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Peptide-stabilized emulsions and gels from an arginine-rich surfactant-like peptide with antimicrobial activity

DOI: 10.1021/acsami.9b00581 DOI Help

Authors: Valeria Castelletto (University of Reading) , Charlotte J. C. Edwards-gayle (University of Reading) , Ian W. Hamley (Diamond Light Source) , Glyn Barrett (University of Reading) , Jani Seitsonen (Aalto University) , Janne Ruokolainen (Aalto University)
Co-authored by industrial partner: No

Type: Journal Paper
Journal: Acs Applied Materials & Interfaces

State: Published (Approved)
Published: February 2019
Diamond Proposal Number(s): 18523

Abstract: The preparation of hydrogels and stable emulsions is important in the formulation of many functional nanostructured soft materials. We investigate the multi-functional self-assembly and bioactivity properties of a novel surfactant-like peptide that shows antimicrobial activity, that is able to form hydrogels without pH adjustment, and is able to stabilize oil-in-water emulsions. Furthermore, we demonstrate on-demand de-emulsification in response to the protease enzyme elastase. We show that the surfactant-like peptide (Ala)9-Arg (A9R) forms β-sheet fibers above a critical aggregation concentration and that water-in-oil emulsions are stabilized by a coating of β-sheet fibers around the emulsion droplets. Furthermore, we demonstrate enzyme-responsive de-emulsification, which has potential in the development of responsive release systems. The peptide shows selective antimicrobial activity against Gram negative pathogens including Pseudomonas aeruginosa, which causes serious infections. Our results highlight the utility of surfactant-like peptides in the stabilization of oil/water emulsions and the potential for these to be used to formulate antimicrobial peptide emulsions which are additionally responsive to protease. The peptide A9R has pronounced antibacterial activity against clinically challenging pathogens, and its ability to form β-sheet fibers plays a key role in its diverse structural properties, ranging from hydrogel formation to emulsion stabilization.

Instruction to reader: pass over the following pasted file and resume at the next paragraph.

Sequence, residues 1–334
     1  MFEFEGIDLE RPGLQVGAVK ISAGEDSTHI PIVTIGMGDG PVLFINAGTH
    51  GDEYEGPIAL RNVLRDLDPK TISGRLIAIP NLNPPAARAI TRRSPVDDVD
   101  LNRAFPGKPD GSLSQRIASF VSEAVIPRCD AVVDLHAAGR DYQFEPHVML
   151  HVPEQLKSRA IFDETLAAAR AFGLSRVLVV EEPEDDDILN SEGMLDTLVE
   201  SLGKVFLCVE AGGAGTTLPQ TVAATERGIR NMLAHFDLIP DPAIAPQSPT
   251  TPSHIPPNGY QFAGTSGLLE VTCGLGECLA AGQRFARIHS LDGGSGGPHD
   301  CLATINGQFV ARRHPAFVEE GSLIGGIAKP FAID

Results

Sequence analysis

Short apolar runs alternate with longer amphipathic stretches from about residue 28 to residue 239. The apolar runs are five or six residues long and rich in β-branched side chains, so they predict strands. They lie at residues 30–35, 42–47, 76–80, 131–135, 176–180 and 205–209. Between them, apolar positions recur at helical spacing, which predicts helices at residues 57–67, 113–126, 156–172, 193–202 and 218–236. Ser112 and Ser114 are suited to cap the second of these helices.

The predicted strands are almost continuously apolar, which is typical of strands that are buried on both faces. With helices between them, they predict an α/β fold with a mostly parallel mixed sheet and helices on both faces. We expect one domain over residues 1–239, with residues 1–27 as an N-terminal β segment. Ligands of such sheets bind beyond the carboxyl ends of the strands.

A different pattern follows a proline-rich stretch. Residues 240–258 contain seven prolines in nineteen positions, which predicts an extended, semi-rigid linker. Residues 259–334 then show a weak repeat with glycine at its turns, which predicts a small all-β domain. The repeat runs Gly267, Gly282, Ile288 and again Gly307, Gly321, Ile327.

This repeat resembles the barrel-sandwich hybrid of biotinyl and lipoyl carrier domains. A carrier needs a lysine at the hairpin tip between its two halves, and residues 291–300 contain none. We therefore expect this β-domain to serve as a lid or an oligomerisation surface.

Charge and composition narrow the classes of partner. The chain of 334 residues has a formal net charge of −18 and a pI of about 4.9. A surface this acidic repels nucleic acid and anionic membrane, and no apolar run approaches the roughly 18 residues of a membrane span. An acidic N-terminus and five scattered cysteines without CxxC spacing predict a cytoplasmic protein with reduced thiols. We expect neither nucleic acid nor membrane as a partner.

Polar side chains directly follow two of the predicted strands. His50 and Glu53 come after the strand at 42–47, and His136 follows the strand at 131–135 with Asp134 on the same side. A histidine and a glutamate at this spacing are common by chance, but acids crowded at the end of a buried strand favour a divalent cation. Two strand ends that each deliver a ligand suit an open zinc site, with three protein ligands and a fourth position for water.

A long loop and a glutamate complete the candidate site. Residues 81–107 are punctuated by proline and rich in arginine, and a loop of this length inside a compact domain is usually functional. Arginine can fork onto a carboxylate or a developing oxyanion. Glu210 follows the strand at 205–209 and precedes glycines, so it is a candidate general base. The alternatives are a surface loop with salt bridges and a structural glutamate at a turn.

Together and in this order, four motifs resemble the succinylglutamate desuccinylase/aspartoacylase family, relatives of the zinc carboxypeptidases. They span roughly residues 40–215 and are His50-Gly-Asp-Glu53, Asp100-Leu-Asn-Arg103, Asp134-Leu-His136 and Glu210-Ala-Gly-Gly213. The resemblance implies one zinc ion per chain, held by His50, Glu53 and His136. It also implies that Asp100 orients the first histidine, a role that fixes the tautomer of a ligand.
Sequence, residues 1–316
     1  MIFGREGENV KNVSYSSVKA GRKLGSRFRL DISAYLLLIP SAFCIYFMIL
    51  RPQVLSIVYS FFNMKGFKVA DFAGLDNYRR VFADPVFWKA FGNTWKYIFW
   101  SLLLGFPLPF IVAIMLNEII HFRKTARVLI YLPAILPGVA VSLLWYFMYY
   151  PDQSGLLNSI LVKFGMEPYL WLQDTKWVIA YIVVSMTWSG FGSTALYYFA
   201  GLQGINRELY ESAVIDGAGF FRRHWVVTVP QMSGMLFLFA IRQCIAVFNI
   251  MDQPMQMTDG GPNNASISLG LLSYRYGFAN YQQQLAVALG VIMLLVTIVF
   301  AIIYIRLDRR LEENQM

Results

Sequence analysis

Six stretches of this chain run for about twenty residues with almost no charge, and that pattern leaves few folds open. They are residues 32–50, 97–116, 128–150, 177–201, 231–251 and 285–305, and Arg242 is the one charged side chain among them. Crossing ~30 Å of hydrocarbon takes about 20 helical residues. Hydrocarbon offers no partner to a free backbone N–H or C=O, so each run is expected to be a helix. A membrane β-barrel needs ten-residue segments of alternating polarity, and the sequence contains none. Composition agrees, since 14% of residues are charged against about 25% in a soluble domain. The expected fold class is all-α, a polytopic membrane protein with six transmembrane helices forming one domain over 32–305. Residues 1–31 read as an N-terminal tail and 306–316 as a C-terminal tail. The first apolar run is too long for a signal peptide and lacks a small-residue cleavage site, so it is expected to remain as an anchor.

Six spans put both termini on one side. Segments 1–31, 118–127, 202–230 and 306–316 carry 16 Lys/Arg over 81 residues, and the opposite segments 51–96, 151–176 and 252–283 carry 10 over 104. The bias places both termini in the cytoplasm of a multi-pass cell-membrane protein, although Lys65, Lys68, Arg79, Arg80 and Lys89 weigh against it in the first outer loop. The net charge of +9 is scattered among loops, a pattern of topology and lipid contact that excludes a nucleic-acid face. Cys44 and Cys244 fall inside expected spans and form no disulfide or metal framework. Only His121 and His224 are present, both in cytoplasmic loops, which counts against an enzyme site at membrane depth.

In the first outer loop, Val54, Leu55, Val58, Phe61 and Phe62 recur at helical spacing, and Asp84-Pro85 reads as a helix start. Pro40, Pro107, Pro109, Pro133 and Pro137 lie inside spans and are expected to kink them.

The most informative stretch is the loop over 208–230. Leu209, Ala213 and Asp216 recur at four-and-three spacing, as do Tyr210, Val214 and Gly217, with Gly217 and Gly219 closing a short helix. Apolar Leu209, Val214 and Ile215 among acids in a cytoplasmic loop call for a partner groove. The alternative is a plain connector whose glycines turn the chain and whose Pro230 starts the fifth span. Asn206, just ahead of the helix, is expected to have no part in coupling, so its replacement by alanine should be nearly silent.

Subject Areas: Biology and Bio-materials, Chemistry


Instruments: B21-High Throughput SAXS

Other Facilities: ESRF